India’s NSG membership will touch a raw nerve in Pakistan: China's official media

An op-ed in “Global Times” said New Delhi’s NSG membership will set off a nuclear confrontation in the region.

June 14, 2016 11:27 am | Updated November 17, 2021 05:09 am IST - Beijing

China's official media, in first comments since Beijing’s objection to India joining the Nuclear Suppliers Group (NSG) on Tuesday said New Delhi’s membership of the nuclear grouping will not only touch a “raw nerve” in Pakistan and increase a nuclear arms race but also “jeopardise” China’s national interests.

An op-ed commentary in state-run Global Times, titled “India mustn’t let nuclear ambitions blind itself”, said New Delhi’s NSG membership will set off a nuclear confrontation in the region.

The commentary said:

“India and Pakistan, both nuclear powers in the region, keep alert to each other’s nuclear capabilities. India’s application for NSG membership and its potential consequences will inevitably touch a raw nerve in Pakistan, its traditional rival in the region.

“As Pakistan is not willing to see an enlarging gap in nuclear power with India, a nuclear race is a likely outcome. This will not only paralyse regional security, but also jeopardise China’s national interests.

“Last week, Indian Prime Minister Narendra Modi embarked on a diplomatic journey, travelling halfway across the world with his top goal to garner support for his country’s entry into the Nuclear Suppliers Group (NSG)” ahead of the plenary meeting of the group expected to be held in Seoul on June 24.

“The U.S. and some NSG members have given a push to India’s membership bid, but the reported opposition from most countries, especially China, seems to have irritated India.”

Reports from Vienna, where the NSG is based, said that while a majority of the 48-member group backed India’s membership, China, along with New Zealand, Ireland, Turkey, South Africa and Austria, were opposed to India’s admission.

The NSG looks after critical issues relating to nuclear sector and its members are allowed to trade in and export nuclear technology. The group works under the principle of unanimity and even one country’s vote against India will scuttle its bid.

“Beijing insists that a prerequisite of New Delhi’s entry is that it must be a signatory to the Non-Proliferation Treaty (NPT) while India is not. Despite acknowledging this legal and systematic requirement, the Indian media called China’s stance “obstructionist“,” the commentary said.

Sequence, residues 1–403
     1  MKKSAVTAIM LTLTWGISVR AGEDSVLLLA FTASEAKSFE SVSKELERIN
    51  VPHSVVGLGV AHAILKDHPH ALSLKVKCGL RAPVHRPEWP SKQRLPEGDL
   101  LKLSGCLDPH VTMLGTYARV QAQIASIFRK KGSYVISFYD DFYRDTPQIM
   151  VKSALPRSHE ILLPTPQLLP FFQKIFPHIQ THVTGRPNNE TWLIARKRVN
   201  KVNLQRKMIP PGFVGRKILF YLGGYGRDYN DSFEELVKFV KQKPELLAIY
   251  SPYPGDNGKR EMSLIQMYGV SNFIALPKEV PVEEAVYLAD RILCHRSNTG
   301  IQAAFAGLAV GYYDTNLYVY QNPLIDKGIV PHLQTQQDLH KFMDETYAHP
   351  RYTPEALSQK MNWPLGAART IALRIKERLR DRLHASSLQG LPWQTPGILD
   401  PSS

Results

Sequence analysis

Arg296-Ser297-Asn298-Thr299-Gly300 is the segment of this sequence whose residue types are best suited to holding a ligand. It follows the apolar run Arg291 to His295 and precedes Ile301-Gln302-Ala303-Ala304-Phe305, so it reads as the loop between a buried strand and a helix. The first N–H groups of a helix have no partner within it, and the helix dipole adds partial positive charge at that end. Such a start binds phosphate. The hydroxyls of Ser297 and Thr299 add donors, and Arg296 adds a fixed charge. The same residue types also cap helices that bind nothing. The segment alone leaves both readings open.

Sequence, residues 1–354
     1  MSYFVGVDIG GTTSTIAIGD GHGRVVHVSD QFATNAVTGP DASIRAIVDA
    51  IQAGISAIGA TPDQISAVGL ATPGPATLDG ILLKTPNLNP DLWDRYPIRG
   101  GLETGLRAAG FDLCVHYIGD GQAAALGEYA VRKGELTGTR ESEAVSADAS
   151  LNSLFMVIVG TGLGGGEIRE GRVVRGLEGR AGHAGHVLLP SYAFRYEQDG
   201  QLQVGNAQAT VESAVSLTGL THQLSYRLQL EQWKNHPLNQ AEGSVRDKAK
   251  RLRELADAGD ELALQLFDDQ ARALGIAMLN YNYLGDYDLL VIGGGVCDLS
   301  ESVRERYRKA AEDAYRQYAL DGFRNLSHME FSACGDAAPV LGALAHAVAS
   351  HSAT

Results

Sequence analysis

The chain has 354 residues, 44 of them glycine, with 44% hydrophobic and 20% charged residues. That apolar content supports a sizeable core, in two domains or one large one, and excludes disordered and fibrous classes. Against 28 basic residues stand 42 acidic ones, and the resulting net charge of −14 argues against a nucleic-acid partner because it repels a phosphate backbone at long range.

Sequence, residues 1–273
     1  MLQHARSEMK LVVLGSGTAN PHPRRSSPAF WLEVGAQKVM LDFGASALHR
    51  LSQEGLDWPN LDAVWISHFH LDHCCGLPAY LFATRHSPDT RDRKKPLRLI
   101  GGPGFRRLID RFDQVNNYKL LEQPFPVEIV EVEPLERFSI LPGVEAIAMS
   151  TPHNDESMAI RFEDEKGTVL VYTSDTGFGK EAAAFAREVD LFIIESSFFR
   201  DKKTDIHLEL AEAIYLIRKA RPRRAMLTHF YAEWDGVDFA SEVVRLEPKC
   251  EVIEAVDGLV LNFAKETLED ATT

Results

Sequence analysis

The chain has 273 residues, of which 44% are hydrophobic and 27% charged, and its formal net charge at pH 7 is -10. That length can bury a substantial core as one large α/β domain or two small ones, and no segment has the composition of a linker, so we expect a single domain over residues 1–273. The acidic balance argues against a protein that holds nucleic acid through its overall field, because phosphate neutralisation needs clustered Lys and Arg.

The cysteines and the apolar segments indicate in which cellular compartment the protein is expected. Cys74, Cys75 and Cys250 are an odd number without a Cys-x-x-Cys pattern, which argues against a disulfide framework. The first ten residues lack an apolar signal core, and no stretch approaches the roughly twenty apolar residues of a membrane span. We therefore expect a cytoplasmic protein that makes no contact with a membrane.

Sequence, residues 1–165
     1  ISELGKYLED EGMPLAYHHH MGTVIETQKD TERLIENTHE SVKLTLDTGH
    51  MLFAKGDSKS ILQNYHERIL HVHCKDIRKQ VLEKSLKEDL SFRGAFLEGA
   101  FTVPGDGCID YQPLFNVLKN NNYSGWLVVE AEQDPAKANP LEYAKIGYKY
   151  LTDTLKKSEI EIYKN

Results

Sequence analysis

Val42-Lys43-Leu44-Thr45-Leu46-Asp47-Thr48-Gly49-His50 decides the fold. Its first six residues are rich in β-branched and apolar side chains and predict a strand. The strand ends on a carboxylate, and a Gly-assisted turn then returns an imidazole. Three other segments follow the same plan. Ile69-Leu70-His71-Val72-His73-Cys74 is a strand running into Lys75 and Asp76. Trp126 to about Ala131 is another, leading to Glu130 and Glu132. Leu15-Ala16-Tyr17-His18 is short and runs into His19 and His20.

India has its own calculations for joining the NSG.

Eyeing retaining the fastest growing economy tag, India’s access to the NSG, a body that regulates the global trade of nuclear technology, is expected to open up the international market for India’s domestic nuclear energy programme.

The commentary said:

“Meanwhile, with the support of the U.S., India can advance its development in this regard. The deliberations of the U.S. are also clear. With India’s NSG membership, the U.S., the world’s largest producer of nuclear power, can sell its nuclear technology to India. A U.S. company is set to build six nuclear reactors in India, an agreement made between the two countries during Modi’s recent visit to the U.S.

"Beyond cooperation in the nuclear sector, the U.S. views India as a “balancing actor in its pivot to the Asia-Pacific strategy”. Its supply of nuclear technologies to enhance India’s deterrence capability is to put China in check.

“What is missing in US and Indian motives are concerns for regional security. So far, South Asia is still facing the harsh reality that the region is mired in nuclear confrontation.

“China insists on peaceful development. A peaceful regional and global environment is in the interests of all stakeholders. China’s concern about India’s inclusion into the NSG comes out of the security dynamic in South Asia.

“Only when New Delhi and Islamabad take another step forward in their nonproliferation commitments can the region avoid being dragged into a nuclear confrontation.”

On Sunday, China said members of the elite club “remain divided” on the issue of non-NPT countries joining it and insisted that there “was no deliberation” on the bid by India and other nations at the Vienna meeting.

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